<1 or 0:lower left quadrant><1 or 0:upper left quadrant>
\drawcircle draws the current circle. More precisely, it draws those
quadrants of the current circle for which the corresponding parameter is 1.
\drawcirclehead{}{}{<1 or 0>}
\drawcirclehead draws an arrowhead on the current circle, at the
intersection with a directed line segment starting at the center with a
slope determined by the first two parameters. If the third parameter
is 1 (0) the arrowhead will point in a clockwise (counterclockwise)
direction. The arrowhead will be advanced towards its tip by the distance
\circleheaddisp. This control symbol is defined to be 2pt, but may be
redefined by the user.
\abutcircleleft{}
{}{}
\abutcircleright{}
{}{}
\abutcirclebelow{}
{}{}
\abutcircleabove{}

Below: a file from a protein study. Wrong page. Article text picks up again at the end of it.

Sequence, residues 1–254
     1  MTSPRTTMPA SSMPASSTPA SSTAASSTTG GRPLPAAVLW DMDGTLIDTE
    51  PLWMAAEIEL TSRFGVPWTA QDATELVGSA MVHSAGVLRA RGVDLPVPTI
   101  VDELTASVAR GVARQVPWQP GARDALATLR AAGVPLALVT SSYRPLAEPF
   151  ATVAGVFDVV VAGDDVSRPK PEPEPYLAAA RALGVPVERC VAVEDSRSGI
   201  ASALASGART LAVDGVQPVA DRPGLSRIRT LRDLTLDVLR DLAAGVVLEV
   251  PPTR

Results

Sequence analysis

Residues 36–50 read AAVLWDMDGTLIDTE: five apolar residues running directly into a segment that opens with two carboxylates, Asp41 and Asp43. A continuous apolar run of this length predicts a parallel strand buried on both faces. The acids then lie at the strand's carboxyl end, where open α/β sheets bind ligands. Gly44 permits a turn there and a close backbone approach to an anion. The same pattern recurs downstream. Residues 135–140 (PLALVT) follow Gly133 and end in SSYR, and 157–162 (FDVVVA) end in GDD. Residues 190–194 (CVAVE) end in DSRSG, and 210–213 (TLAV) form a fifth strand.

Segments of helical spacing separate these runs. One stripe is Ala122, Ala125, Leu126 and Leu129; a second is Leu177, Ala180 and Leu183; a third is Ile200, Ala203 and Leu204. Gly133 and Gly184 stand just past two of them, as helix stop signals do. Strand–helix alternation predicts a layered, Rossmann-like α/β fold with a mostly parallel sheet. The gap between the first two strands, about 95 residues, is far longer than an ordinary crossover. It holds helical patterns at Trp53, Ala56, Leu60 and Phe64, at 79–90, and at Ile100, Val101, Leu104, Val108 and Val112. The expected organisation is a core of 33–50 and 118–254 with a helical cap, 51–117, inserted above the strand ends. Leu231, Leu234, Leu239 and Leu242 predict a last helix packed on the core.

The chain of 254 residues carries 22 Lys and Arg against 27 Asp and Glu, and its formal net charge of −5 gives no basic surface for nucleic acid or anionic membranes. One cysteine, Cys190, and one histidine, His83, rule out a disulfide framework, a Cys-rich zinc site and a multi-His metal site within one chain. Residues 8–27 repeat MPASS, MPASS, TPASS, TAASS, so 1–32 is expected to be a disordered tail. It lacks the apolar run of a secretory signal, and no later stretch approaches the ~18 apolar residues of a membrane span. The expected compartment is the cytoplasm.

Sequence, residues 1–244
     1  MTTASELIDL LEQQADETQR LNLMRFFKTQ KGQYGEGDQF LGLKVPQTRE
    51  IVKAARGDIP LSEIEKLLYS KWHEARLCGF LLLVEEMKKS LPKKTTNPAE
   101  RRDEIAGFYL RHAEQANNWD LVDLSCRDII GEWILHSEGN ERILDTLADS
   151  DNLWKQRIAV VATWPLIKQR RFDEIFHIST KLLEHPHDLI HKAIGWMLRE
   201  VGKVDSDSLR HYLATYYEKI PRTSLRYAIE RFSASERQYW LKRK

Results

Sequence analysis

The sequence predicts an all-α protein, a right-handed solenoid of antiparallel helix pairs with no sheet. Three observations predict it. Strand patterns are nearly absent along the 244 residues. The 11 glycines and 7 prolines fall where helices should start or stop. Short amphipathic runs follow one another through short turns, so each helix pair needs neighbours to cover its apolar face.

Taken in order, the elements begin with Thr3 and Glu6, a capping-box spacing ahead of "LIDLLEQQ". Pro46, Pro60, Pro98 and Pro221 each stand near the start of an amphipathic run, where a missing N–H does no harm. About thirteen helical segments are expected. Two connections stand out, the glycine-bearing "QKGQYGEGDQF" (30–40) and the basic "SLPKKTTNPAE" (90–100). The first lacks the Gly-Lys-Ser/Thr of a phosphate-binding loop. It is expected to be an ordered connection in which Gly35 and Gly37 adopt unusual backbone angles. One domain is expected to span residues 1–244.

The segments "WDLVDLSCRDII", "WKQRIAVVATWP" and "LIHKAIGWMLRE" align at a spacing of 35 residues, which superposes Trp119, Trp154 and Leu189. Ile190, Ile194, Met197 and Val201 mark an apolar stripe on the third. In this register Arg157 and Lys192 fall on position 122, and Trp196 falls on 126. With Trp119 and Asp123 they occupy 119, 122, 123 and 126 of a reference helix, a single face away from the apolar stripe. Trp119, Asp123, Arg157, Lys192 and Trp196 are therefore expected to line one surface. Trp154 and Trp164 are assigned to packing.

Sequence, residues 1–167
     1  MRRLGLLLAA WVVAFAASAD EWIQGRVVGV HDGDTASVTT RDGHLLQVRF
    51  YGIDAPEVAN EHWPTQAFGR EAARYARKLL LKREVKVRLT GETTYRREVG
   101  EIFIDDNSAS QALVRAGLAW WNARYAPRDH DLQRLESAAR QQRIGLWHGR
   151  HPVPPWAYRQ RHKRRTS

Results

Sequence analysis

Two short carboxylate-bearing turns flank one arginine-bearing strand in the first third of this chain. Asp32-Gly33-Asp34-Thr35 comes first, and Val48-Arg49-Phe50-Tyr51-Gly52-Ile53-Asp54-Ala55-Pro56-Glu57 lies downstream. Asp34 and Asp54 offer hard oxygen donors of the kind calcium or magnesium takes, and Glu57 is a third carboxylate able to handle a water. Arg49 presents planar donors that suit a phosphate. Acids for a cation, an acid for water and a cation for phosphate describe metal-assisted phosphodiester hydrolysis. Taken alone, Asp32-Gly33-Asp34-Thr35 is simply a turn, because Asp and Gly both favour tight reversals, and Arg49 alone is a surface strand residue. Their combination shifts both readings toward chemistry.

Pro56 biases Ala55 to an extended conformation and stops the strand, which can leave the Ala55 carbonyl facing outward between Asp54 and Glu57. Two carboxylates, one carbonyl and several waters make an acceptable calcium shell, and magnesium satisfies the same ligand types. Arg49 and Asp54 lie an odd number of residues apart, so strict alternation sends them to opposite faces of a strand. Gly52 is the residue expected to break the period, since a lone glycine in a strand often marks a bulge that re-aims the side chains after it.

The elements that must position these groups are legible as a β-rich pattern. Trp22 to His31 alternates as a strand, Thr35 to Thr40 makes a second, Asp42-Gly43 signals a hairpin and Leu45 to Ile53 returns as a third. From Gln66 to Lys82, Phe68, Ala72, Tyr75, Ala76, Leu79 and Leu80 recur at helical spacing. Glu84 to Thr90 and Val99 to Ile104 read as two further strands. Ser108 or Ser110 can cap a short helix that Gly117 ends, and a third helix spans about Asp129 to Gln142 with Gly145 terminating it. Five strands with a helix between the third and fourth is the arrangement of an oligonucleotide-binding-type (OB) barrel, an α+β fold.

{}{}
Each of these macros uses the to initialize
an expression state (in the same way as \vertex) and then executes the
, which must establish a shadow. The material in the
final expression state produced by this program is then placed in the
expression state of the expression program containing the call of
\abutcircle... , at a location such that shadow touches the current circle
on the outside of this circle. For \abutcircleleft and \abutcircleright
the first parameter gives the y-coordinate of the point at which the center
is to be located. For \abutcirclebelow and \abutcircleabove the first
parameter gives the x-coordinate.
Actually, the abutment is approximate. For \abutcircleabove, the shadow
is abutted against three tangents to the current circle, that touch at the
top of the circle and at the two points 45 degrees to the left and right
of the top, and is then given the lowest of the three positions obtained
by these abutments. The other three macros behave similarly.